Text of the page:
Over the years, as my father's shrine grew, accommodating more idols and pictures of gods and gurus that he'd met, my interest in keeping up with the home altar diminished. It wasn't that I didn't believe in praying, but I defied his method. While my father's altar expanded, my approach became more minimalist. I figured that since God is omniscient, when I prayed, I could just face the sun or choose a spot for no other reason than it offered the view of a beautiful hibiscus tree. Or sometimes, in New Delhi, I just visited my favorite temple, which offered spots of tranquility and the soothing smell of sandalwood incense.

However, over the years, some parts of the ritual became ingrained in my memory. I came to know the aartis and bhajans by heart. I even memorized a chapter or two of the Bhagavad Gita. And every time my father was out of town for a business trip, I--despite my religious rebellion--was charged with the daily ritual of bathing the deities and offering the prayers. That this role was entrusted to me made me feel important; I knew its intricacies, from making the sandalwood paste to fashioning the wick out of cotton in my father's way.

A few years after we moved to Canada in 1998, I moved into an apartment with a roommate. To my own surprise, I established a small altar in one corner of my new home. In the face of change, it was a way for me to keep in touch with my upbringing and identity. My roommate also had some deities, which I set up alongside mine. I tried to offer daily prayers, but kept the more elaborate rituals, such as bathing the deities, a weekly affair.

I got married last November and moved in with my in-laws. I've married into a Hindu family, but they do not have a home altar. Offering prayers is not a habitual affair for them, although they do pray on Diwali. At that time my grandmother-in-law takes out the pictures of deities she's kept somewhere in storage and makes a temporary altar. When I moved in, I mostly prayed in my room. But I've been meaning to set up a small home altar in my new home.

But when I asked my maternal grandmother about buying some deities, she warned me: You must take care of the deities if you get them. She tried to dissuade me, telling me to wait.


"You can't abandon the gods," she told me, explaining her concerns. "You have to bathe them, pray to them. Why do you want to take on that responsibility now? Enjoy your life. Go to a nearby temple, when you want to. After a few years, when you are ready, you can set up your own puja."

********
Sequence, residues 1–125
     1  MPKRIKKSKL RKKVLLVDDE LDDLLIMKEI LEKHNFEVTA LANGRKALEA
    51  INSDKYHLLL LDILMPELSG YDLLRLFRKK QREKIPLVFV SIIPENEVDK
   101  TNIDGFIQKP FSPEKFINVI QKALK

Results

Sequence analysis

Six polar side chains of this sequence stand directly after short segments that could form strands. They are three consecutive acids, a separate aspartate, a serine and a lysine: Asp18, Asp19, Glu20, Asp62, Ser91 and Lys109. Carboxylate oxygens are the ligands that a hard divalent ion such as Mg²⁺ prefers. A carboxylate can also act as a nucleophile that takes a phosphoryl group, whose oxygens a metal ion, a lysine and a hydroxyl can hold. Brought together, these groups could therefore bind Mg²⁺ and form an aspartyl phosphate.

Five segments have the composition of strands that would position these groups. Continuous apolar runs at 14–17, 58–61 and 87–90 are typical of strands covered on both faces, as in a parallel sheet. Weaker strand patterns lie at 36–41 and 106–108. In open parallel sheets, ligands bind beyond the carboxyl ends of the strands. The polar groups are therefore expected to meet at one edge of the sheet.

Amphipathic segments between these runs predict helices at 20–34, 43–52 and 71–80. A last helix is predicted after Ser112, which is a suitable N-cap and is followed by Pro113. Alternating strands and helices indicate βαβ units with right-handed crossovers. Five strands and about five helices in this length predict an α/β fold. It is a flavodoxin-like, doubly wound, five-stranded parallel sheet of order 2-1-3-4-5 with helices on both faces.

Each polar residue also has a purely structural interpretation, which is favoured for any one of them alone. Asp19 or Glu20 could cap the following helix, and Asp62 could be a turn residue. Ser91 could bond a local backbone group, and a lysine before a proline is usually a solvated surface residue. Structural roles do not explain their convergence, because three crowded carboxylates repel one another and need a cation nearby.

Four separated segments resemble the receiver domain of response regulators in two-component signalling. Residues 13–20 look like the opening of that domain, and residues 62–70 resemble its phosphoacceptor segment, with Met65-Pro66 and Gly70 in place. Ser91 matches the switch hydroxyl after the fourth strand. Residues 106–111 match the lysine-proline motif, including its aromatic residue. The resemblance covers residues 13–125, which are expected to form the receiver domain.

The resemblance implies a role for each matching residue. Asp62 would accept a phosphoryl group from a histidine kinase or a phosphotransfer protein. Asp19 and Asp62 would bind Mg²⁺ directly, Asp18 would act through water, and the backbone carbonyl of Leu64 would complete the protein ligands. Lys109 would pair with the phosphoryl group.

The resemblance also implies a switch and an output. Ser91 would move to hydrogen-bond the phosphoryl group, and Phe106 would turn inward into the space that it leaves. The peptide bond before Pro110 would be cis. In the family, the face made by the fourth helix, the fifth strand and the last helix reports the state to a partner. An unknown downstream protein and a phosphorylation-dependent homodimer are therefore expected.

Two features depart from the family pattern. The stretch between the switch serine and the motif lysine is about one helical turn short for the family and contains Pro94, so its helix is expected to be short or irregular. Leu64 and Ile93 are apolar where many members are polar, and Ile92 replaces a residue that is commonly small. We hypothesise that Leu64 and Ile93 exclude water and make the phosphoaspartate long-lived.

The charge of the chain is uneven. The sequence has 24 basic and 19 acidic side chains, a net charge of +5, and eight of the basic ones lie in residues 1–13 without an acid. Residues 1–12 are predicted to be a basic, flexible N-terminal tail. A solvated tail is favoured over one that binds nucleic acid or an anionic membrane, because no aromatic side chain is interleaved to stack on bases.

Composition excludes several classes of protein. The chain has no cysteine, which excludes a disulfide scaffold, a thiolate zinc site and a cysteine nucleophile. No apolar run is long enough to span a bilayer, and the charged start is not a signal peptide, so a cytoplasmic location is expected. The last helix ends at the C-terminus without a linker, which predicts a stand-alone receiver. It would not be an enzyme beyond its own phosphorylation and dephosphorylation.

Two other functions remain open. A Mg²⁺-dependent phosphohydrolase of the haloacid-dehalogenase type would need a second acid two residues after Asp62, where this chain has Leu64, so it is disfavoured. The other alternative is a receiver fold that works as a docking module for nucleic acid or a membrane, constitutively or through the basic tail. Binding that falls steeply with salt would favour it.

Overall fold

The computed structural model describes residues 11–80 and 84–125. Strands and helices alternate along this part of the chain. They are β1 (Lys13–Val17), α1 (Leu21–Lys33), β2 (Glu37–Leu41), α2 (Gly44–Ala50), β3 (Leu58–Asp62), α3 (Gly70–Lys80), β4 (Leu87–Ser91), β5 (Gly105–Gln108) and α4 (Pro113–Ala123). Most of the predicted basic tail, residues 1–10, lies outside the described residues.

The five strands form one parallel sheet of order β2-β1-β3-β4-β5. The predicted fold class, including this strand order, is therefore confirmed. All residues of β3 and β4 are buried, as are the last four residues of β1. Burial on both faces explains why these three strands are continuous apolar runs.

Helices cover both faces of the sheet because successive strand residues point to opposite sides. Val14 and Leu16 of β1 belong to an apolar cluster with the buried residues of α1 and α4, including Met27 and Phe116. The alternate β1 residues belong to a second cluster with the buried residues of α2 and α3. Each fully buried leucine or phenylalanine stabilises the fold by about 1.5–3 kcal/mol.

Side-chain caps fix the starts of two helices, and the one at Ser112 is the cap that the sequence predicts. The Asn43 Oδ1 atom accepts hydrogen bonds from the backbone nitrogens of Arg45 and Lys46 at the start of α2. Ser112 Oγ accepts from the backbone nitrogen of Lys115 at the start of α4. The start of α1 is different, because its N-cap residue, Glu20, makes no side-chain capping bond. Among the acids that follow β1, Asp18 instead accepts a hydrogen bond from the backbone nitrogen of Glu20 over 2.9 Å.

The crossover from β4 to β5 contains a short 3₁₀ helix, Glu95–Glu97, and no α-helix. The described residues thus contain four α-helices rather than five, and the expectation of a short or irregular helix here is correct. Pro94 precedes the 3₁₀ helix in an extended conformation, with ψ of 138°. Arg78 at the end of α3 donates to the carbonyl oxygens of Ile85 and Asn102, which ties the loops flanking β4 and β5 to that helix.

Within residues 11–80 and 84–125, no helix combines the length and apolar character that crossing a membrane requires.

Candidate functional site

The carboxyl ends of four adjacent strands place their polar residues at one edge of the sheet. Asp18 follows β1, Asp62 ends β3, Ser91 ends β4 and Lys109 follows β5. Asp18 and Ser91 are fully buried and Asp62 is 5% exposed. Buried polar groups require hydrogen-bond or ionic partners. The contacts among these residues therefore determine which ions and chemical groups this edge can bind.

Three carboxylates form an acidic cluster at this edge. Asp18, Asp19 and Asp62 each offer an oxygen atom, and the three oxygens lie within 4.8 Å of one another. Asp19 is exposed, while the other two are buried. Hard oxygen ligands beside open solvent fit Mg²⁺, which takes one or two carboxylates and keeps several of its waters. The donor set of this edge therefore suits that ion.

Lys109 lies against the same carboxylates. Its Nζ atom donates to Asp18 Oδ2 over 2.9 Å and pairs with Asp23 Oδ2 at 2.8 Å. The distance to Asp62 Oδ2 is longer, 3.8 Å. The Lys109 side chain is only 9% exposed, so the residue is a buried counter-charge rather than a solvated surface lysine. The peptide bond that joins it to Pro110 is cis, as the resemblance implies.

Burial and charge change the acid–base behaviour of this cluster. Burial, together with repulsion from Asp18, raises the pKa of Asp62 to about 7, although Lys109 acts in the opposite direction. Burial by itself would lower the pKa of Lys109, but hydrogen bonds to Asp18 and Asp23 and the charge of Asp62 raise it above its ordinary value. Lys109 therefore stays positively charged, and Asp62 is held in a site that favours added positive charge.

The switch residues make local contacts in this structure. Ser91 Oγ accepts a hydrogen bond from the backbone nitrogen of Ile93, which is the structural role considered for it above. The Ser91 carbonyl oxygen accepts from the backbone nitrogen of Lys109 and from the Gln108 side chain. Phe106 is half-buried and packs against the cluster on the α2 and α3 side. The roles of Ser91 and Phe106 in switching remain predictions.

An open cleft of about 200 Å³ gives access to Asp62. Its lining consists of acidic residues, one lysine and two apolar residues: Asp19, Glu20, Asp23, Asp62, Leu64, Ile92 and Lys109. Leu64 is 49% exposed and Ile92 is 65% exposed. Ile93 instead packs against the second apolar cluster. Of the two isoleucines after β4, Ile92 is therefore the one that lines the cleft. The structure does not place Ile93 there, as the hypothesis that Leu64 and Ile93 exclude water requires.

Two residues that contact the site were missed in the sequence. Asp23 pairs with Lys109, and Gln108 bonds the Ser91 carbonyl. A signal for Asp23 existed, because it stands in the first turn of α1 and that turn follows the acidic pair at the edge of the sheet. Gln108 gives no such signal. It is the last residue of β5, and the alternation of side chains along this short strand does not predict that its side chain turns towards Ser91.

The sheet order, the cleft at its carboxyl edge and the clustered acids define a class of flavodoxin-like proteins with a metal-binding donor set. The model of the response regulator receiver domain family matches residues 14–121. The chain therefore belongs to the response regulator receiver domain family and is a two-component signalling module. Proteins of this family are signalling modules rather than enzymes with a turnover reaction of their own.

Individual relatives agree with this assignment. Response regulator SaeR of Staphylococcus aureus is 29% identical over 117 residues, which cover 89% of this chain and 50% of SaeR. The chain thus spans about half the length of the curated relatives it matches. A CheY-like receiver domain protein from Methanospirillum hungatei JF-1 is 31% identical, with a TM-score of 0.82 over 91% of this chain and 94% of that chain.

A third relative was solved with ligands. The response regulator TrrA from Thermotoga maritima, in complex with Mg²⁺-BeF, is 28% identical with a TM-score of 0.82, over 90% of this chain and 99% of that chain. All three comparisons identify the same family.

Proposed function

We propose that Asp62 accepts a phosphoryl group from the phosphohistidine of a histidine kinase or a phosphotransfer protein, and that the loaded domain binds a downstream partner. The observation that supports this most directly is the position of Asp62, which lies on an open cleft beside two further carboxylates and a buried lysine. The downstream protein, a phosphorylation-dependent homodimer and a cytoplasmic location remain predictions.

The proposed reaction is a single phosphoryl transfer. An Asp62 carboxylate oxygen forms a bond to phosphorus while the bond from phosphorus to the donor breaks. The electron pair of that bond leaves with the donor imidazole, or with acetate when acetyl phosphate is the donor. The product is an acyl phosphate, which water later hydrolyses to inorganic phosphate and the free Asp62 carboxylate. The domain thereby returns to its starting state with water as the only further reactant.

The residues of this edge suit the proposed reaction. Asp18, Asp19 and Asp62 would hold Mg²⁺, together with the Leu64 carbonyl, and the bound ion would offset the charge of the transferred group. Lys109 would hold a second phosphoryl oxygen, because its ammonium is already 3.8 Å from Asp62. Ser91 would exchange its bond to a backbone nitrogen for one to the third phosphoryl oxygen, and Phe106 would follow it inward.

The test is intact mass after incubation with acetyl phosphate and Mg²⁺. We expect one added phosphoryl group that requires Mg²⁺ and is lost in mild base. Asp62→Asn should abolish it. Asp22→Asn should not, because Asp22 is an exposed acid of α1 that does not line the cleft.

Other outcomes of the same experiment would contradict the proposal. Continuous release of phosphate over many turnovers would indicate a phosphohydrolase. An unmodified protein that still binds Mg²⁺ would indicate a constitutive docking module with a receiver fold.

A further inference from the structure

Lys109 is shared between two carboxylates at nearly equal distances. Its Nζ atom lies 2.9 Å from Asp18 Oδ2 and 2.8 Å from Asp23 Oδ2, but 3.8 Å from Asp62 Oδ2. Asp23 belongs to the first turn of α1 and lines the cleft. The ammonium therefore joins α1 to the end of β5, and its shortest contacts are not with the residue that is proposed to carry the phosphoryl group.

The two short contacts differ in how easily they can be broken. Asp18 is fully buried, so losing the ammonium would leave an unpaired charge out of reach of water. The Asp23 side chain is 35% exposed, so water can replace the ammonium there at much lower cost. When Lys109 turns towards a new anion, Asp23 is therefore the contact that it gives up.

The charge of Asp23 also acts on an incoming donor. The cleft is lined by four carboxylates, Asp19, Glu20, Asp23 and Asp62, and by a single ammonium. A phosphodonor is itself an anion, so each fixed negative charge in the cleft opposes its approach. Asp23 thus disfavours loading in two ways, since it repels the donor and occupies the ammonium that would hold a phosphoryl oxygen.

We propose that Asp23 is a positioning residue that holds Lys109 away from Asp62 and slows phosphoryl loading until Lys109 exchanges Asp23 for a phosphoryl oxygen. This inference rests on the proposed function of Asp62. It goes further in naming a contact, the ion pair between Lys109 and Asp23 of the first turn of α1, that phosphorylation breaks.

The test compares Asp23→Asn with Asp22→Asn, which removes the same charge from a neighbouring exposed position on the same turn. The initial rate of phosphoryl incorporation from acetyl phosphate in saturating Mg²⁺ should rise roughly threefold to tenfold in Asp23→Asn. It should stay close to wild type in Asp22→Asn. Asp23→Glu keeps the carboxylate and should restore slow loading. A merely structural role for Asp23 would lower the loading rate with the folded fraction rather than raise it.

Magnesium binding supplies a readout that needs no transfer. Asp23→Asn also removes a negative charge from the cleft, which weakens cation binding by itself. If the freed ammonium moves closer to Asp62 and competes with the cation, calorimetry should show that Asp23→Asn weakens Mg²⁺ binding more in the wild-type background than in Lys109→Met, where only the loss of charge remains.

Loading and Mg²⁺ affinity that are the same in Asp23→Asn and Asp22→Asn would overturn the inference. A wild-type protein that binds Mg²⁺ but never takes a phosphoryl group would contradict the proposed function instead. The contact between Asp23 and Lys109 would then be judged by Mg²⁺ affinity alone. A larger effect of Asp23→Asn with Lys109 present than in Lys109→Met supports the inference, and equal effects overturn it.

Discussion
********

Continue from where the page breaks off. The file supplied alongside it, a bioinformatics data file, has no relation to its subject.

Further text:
Nevertheless, during my post-marriage trip to India earlier this year, an elderly aunt gave me a beautiful brass representation of Ram, Sita, Lakshman, and Hanuman as a wedding gift. When I asked my father about purchasing some deities, he gave me two idols of Ganesh and Lakshmi. An elderly family friend in Toronto had also given me a traditional painting of Krishna.

When I came back to Toronto, I almost immediately set up my puja with the deities I had received. I have not dismissed my grandmother's advice. In fact, it's a helpful reminder whenever I want to skip the ritual.

My home altar has become my sanctuary, my sacred space in my new home. Moving in with a new family has its joys and challenges. My new family has welcomed me with much affection, but they have a different lifestyle. My home altar has become my touchstone for the values I have grown up in.

And the practice of spending time praying in the morning allows me space to be with myself. I think of it as my auspicious start to the day. The time allows me to reflect on what I need to do, whether it's during that day or in life generally. I acknowledge all the good things that are happening. It can also be a time to think through my difficulties.

At the moment, my daily routine isn't very elaborate. I spend about 15 minutes meditating, then I chant the sacred Gayatri mantra, and softly sing the aarti. I will likely soon acquire other paraphernalia to enhance my worship, such as a small bell, an oil wick stand, an incense holder, and maybe even a conch. I am not sure whether I will spend an hour each day at my home altar, like my father does. But I will find my own way to pray at my home altar.